venusPompeii by Robert Harris set in the ancient doomed city, tells of a young man’s rescue attempt.(Goodreads)

The Agony and the Ecstasy by Irving Stone: Fictional depictionagony of Michelangelo (Goodreads), with insights into the Medici family and the culture of Italy. (Goodreads)

The Birth of Venus by Sarah Dunant: turbulent 15th-century Florence, a time when the lavish city, steeped in years of Medici family luxury, is suddenly besieged by plague, threat of invasion, and the righteous wrath of a fundamentalist monk. (Goodreads)

The Confessions of Catherine de Medici by C.W. Gortner:  An absolutely fabulous historical novel told from the point of view of Catherine de Medici, one of the most maligned women in history. The parts dealing with her childhood are set in Italy; the rest in France. (Goodreads)

leoThe Leopard by Giuseppe di Lampedusa: A sweeping saga of Sicilian society during Italian unification in the 19th century. Giuseppe Tomasi di Lampedusa’s tumultuous portrait of royal life in Sicily during Italy’s unification and transition was originally rejected by publishing houses roomand finally released in 1958, after his death. It’s now considered one of the greatest works of Italian literature. (Goodreads)

A Room with a View by E.M. Forster: E.M. Forster’s 1908 novel offers a glimpse of mysterious and romantic 19th-century Italy. (Goodreads)


For history buffs, I have recently been made aware of an app designed especially for families traveling to Italy (by an awesome father-son team ), designed to teach history while having a good time. The website is Gumshoe Tours http://www.gumshoetours.com/home.html, b7c712e254ac4edf779c1b64acdcb5fcand the creators have completed tours of both Rome and Assisi, with hopefully more to come. There is also an attached “Life in Italy” blog by one of the  creators, an American who has lived in the country for some time.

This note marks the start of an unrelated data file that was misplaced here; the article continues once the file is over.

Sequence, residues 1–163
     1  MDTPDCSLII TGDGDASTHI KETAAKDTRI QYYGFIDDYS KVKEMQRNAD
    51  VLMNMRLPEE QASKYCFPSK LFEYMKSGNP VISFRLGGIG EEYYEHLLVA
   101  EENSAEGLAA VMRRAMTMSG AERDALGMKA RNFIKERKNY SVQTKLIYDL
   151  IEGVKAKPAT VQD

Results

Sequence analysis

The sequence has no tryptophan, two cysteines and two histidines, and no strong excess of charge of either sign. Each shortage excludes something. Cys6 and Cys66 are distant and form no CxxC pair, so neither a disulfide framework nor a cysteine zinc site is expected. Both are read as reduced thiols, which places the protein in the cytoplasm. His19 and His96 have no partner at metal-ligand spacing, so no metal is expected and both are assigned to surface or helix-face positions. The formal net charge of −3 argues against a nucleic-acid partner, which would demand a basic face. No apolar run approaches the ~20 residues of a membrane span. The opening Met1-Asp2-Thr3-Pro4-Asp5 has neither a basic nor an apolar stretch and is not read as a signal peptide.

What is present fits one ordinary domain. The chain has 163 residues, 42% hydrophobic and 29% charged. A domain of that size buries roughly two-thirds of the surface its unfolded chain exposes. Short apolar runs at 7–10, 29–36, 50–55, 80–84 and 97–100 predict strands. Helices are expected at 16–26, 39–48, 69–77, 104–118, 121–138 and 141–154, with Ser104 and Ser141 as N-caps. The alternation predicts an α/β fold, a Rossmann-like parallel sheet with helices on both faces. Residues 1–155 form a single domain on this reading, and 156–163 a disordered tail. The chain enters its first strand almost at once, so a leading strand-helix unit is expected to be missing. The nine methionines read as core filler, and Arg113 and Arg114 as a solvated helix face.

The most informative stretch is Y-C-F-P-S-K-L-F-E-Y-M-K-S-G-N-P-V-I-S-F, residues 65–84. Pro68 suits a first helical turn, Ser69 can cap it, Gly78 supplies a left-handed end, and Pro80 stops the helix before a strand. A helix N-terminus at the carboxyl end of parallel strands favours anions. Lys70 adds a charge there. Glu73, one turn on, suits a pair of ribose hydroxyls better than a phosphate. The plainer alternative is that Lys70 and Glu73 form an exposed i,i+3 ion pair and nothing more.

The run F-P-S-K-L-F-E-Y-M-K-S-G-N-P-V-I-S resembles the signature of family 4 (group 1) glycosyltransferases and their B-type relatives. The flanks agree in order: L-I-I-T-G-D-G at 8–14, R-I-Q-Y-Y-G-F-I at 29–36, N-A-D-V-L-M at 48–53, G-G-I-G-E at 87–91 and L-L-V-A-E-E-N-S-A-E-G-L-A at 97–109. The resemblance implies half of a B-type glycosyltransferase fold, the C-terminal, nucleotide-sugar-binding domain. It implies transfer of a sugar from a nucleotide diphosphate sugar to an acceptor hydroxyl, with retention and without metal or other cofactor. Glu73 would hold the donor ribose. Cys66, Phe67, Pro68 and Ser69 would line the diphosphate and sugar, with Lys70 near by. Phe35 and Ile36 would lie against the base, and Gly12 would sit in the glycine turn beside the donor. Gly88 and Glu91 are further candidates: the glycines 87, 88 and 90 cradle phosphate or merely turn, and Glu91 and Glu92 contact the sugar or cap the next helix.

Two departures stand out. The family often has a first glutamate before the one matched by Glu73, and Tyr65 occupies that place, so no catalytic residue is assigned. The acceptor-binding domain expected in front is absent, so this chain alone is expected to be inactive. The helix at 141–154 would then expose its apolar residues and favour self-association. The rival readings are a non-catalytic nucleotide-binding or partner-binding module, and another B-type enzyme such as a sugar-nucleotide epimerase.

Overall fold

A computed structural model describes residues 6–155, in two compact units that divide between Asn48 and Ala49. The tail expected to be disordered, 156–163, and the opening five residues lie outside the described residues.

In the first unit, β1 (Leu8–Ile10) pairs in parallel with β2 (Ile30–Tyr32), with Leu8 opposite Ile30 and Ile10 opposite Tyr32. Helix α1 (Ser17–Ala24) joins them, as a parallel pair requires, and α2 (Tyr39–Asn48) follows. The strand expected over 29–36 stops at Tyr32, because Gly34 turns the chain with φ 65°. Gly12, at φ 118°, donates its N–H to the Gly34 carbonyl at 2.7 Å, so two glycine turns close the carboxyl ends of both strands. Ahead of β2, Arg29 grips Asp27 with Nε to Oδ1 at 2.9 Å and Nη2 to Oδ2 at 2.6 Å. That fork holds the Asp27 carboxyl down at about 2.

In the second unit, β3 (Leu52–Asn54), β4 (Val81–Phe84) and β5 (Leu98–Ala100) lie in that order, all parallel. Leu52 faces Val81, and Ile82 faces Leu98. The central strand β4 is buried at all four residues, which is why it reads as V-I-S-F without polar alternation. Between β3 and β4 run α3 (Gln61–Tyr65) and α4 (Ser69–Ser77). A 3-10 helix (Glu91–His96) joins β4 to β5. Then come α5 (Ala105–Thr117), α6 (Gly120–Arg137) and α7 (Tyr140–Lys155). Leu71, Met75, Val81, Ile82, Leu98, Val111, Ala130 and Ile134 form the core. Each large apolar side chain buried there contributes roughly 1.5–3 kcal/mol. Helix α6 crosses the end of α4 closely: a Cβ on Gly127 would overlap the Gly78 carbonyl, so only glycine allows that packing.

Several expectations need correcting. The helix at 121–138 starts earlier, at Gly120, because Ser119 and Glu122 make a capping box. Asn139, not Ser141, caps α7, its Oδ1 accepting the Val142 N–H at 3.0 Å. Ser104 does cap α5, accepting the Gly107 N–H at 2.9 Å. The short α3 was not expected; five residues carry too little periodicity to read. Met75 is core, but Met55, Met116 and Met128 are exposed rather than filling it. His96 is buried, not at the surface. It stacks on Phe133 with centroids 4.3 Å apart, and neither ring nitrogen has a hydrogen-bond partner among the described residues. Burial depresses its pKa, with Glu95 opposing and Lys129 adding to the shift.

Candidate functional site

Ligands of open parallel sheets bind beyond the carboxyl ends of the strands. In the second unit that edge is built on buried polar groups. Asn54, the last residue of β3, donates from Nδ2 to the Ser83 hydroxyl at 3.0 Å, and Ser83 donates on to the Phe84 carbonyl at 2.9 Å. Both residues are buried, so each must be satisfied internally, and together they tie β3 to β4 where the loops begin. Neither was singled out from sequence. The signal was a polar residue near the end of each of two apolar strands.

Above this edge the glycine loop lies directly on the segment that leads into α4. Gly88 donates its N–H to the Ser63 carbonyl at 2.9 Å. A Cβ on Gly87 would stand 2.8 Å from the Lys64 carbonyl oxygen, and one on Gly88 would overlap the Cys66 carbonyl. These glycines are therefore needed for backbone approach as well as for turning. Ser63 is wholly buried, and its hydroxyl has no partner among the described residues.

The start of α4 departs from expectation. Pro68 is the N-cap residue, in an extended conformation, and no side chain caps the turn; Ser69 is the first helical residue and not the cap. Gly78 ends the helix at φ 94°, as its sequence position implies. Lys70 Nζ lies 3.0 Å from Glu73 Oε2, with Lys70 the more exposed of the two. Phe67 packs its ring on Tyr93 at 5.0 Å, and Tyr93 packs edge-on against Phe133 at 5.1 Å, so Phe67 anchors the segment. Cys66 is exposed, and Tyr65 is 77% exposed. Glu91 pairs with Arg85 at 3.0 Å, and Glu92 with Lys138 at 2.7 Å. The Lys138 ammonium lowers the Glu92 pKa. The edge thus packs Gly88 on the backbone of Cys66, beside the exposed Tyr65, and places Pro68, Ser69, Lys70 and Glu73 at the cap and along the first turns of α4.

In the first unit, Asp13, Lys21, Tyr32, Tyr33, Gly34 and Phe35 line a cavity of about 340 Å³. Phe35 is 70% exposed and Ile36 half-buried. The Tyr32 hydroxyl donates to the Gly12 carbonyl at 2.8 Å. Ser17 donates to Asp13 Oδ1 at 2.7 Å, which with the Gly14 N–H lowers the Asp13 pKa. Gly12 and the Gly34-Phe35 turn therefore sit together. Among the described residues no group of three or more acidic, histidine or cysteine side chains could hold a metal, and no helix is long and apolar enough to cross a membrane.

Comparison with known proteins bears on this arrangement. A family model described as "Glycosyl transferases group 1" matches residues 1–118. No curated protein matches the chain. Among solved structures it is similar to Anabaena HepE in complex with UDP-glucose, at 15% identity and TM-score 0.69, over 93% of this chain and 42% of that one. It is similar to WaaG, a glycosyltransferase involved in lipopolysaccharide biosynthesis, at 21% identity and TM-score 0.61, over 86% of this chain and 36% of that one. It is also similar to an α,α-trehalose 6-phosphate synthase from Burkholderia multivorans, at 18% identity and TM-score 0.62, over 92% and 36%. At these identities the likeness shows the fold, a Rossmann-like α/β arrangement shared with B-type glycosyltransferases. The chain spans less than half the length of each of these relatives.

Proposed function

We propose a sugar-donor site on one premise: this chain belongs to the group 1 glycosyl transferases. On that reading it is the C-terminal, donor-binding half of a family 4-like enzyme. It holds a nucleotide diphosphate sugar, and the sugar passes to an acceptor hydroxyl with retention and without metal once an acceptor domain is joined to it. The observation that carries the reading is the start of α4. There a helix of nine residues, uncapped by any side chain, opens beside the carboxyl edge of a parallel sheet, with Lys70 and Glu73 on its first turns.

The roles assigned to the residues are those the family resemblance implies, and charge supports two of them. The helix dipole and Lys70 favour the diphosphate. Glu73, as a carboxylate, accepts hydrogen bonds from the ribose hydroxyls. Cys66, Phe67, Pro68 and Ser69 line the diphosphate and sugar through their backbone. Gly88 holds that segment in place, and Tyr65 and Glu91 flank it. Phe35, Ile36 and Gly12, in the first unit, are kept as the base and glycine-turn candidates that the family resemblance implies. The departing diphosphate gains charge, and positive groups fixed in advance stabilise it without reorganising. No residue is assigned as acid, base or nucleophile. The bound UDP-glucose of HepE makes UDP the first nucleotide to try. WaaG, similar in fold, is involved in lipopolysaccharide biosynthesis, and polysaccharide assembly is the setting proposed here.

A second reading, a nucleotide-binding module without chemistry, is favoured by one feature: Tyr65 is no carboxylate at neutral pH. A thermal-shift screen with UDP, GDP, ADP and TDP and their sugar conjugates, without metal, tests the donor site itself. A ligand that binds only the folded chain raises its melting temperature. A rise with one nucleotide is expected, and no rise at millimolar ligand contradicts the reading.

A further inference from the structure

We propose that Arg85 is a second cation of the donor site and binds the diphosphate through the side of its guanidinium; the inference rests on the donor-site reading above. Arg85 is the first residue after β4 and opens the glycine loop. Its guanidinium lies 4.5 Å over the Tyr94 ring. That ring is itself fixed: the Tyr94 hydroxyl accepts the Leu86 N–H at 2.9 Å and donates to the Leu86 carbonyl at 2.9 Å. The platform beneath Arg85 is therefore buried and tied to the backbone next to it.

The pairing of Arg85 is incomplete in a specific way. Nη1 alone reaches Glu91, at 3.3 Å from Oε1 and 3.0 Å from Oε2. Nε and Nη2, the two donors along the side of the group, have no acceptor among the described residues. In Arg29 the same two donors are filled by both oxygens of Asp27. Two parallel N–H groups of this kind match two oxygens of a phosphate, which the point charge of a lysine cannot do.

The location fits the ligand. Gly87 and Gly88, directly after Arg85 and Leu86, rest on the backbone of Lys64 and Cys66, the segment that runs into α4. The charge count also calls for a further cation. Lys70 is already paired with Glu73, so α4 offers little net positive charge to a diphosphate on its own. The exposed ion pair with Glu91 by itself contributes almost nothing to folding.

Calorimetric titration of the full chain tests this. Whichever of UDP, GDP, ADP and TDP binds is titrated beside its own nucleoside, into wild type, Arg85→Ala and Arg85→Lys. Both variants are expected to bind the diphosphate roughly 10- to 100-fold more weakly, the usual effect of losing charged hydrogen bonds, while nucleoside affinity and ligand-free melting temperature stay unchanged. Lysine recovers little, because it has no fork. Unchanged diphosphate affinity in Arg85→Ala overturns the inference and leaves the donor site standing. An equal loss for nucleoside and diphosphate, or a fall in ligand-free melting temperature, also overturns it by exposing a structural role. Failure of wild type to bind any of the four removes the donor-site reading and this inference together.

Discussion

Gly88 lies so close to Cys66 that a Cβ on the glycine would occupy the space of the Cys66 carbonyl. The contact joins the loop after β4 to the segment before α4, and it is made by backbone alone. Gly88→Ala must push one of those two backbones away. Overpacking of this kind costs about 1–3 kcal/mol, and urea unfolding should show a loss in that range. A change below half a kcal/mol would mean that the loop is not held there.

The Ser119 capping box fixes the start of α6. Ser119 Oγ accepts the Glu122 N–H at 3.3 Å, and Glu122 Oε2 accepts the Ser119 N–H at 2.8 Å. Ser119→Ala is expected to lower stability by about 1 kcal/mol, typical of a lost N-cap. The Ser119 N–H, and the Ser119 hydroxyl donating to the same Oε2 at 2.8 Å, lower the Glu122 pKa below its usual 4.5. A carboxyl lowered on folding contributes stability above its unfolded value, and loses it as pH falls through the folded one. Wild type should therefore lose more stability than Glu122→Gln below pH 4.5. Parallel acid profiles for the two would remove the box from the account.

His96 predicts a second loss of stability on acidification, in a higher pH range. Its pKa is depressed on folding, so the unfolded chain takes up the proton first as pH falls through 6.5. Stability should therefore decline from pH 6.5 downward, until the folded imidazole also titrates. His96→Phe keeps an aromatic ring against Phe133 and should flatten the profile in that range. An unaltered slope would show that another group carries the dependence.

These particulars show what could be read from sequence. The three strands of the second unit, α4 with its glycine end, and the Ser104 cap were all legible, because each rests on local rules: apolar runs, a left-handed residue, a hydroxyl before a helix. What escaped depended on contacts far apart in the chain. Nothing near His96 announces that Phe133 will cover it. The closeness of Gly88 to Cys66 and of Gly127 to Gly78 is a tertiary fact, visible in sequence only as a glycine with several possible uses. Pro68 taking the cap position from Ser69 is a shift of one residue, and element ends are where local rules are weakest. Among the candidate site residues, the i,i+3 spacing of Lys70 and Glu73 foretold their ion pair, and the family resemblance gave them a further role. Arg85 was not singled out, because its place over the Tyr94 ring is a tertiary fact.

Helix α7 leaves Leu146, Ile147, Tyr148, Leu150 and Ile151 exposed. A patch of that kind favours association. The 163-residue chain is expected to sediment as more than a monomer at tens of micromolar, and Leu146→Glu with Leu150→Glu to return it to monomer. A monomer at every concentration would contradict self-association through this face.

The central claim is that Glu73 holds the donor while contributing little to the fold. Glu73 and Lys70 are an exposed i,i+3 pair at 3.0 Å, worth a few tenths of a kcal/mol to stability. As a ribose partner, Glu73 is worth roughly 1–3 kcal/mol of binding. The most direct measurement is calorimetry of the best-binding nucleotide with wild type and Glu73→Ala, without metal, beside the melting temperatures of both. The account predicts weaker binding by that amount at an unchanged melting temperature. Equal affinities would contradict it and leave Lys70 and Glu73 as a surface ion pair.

So read and play, and tell me all about it when you return!

Review of Paullina Simon’s Bellagrand

Bellagrand is indeed BELLA GRAND!!! This book came straight from the author’s heart. Readers will understand the less-than-stellar lead up to this heartbreaker now…




Paullina Simons has returned in fine form! The love story of Alexander’s parents is continued from Children of Liberty, and is the prequel to the stunning Bronze Horseman. Nothing I could write can describe this gem of a book better than the author’s poignant words: “[This book is about] Gina, a passionate, strong, good woman, who wants nothing more than to love and to be loved. The book is about all the things that stand in her way. In this story, you will also meet Alexander, and you will witness the love that had made him and in the end that saved him, the love that offered him, years hence, the possibility of a new life. It was all borne out of Bellagrand, out of the lifelong love affair between Gina and Harry, Alexander’s mother and father.” (from author’s website)

Gina and Harry’s journey spans four decades and two continents, from the troubled industrial immigrant town of Lawrence, Massachusetts, to the blue-blood society of Boston, to South Florida where the dream of perfection is found and lost, to a new life in a dangerous, foreign land.

Bellagrand is an epic journey, a suitable prequel to the momumental love story of Alexander and Tatiana. Simons wraps up all the plot threads cleanly, but not before wringing your heart and dragging you through an emotional roller coaster ride. Bellagrand is a poignant and mature exploration of marriage and commitment, of sacrifice and consequences. It is a dark tale with rays of light that will touch you.